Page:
A. Gryguć, S. M. H. Karparvarfard, A. Roostaei, D. Toscano, S. Shaha, B. Behravesh, H. Jahed

Thermomechanical Processing


Deformation Driven Precipitation in Binary Magnesium Alloys

Unlike Aluminum (Al) alloys, precipitation strengthening of Magnesium (Mg) alloys has proven challenging. Precipitate density is typically too low, and precipitate size is often too large and elongated to enhance the resistance to plastic deformation significantly. Mimicking recent work in Al alloys, we are exploring how low-temperature plastic deformation can enhance the density, size, and morphology of common intermetallic particles and thereby lead to significant hardening in Mg alloys. The low temperatures tend to favor nucleation overgrowth, while the deformation provides vacancies and dislocations that can assist nucleation. Using equal channel angular extrusion, and moderate temperatures, we explore the processing and thermodynamic factors controlling nucleation and growth of precipitates in Mg–Al and Mg–Zn binary alloys.

Suhas Eswarappa Prameela, Timothy P. Weihs

Effect of Second Phase Particle Size on the Recrystallized Microstructure of Mg–Al Alloys Following ECAE Processing

Magnesium (Mg) alloysMagnesium alloy (Mg alloy) areEffect of second phase particle size excellentMicrostructure candidates for structural applications, given their high strength to weight ratios. Grain boundaries and precipitates can both contribute to strengthening in Mg alloysMagnesium alloy (Mg alloy) , but the design of high strength Mg alloysMagnesium alloy (Mg alloy) is challenging due to Mg’s anisotropic crystal lattice and yield asymmetry. Herein, we focus on thermomechanical processing that involves grain refinementGrain refinement in the presence of precipitates. We seek an understanding of how small and large Mg17Al12 intermetallic particles impact recrystallizationRecrystallization and discontinuous precipitationPrecipitation in Mg–AlMg–Al alloys. We do so by processing solution treated and peak aged Mg–9Al (wt%) alloys using equal channel angular extrusionExtrusion (ECAE) along the Bc route at 150 °C. We find that the fine nanoprecipitates that nucleate within the solutionized grain interiors during ECAE processing lead to finer Mg grains in the recrystallized regions compared to those in the presence of the long lathlike precipitates produced during peak aging prior to ECAE processing.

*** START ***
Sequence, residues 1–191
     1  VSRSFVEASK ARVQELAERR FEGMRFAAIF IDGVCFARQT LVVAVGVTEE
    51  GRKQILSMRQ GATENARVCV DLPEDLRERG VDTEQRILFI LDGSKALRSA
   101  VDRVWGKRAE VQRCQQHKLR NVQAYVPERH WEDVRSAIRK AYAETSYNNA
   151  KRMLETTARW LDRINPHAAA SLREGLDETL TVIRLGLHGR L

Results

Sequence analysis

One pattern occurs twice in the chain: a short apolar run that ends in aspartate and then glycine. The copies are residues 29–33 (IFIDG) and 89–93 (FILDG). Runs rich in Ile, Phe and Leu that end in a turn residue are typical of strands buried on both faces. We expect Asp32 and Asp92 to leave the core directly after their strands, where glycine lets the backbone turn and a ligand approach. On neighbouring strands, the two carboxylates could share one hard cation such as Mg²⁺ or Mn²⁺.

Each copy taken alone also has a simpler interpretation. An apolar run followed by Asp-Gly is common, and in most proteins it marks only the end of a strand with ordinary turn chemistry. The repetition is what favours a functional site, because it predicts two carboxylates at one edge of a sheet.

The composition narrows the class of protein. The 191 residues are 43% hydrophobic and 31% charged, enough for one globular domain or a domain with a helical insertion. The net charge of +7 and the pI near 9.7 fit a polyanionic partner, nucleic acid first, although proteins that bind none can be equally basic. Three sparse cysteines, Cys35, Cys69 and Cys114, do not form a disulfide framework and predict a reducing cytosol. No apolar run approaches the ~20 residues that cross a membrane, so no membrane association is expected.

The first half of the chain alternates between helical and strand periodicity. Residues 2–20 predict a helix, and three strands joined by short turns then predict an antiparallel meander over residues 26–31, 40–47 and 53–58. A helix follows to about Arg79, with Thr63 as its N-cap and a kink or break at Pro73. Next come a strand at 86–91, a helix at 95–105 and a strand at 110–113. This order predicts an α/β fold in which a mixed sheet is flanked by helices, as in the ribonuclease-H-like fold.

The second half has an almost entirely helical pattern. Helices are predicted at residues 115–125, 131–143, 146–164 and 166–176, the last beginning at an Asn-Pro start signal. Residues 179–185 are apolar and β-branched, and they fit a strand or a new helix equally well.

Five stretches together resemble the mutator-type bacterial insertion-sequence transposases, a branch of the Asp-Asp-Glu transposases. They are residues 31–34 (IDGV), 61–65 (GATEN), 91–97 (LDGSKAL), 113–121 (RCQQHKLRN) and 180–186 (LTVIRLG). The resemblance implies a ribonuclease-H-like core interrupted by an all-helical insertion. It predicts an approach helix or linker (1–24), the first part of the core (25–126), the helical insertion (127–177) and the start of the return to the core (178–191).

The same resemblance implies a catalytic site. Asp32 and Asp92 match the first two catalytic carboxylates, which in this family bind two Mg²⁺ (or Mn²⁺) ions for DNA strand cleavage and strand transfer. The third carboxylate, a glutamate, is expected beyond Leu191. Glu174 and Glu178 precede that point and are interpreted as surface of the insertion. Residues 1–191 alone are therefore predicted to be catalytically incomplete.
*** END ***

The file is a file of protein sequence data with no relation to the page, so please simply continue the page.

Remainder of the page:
Suhas Eswarappa Prameela, Peng Yi, Vance Liu, Beatriz Medeiros, Laszlo J. Kecskes, Michael L. Falk, Timothy P. Weihs

Relating Texture and Thermomechanical Processing Variables in Mg–Zn–Ca Alloys

ItMg-Zn is well known that the strong basal textureTexture commonly produced in magnesium alloyMagnesium alloy (Mg alloy) sheets leads to poor formabilityFormability at room temperature. A sizable body of work has explored how changing the alloyAlloy composition and rollingRolling conditions can yield more desirable textures; however, important thermomechanical variables, such as the feed rate during rollingRolling , are often not included in the literature, making it difficult to correlate how changes in processing affect the final crystallographic textureCrystallographic texture . This work explores the texture evolutionTexture evolution and grain refinementGrain refinement in Mg–ZnMg-Zn –Ca alloys during plane strain compression (PSC) using a GleebleGleeble thermomechanical simulator. This instrument allows for precise control and capture of the thermomechanical history of the sample. The textureTexture and grain morphology of the compressed samples were characterized using electron backscatter diffractionDiffraction (EBSD). The textureTexture results will be used to identify which alloys and processing conditions should be scaled up for future rollingRolling studies.

Tracy D. Berman, John E. Allison

Variation of Extrusion Process Parameter for the Magnesium Alloy ME21

ExtrusionExtrusion is an economic production process for the generation of semi-finished magnesiumMagnesium products that can be used for biomedical and automotive applications. This paper reports on the variation of process parameters (temperature and extrusionExtrusion speed) in the aluminum-free magnesium alloyMagnesium alloy (Mg alloy) ME21 (Mg–2Mn–0, 6Ce–0,3) during extrusionExtrusion in order to investigate their influence on strength and ductility of the produced profiles. The influence of the varied process parameters on the microstructureMicrostructure before and after heat treatmentHeat treatment is shown. Furthermore, the mechanical propertiesMechanical properties of the extruded profiles are presented and discussed with respect to arising textures. The results of this work are used to discuss how to tailor the mechanical propertiesMechanical properties of the magnesium alloyMagnesium alloy (Mg alloy) ME21 during the extrusionExtrusion process.